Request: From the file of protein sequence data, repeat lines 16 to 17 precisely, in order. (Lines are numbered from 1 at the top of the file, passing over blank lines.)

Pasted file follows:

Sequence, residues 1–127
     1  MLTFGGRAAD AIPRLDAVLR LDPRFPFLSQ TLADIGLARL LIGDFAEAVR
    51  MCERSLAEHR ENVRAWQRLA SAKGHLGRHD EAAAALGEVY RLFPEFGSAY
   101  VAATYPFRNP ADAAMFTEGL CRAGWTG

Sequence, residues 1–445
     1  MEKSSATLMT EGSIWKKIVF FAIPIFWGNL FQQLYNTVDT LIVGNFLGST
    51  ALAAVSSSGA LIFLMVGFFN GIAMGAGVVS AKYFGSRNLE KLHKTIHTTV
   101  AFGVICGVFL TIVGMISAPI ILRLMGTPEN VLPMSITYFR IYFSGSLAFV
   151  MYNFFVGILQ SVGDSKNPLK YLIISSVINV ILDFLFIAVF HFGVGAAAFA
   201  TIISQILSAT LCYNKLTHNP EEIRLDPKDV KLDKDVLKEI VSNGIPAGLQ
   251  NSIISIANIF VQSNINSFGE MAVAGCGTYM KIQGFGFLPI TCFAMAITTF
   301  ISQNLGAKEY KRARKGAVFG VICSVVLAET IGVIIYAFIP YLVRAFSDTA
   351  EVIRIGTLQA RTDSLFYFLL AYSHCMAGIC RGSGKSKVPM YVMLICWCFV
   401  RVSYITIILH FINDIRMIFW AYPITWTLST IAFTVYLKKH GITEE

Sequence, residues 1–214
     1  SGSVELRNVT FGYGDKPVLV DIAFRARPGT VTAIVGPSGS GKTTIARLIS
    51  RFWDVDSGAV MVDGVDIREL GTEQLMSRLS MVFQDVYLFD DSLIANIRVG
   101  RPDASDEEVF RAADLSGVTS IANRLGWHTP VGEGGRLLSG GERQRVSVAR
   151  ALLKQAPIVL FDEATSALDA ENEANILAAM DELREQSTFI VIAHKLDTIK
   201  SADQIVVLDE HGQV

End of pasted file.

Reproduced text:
     1  SGSVELRNVT FGYGDKPVLV DIAFRARPGT VTAIVGPSGS GKTTIARLIS
    51  RFWDVDSGAV MVDGVDIREL GTEQLMSRLS MVFQDVYLFD DSLIANIRVG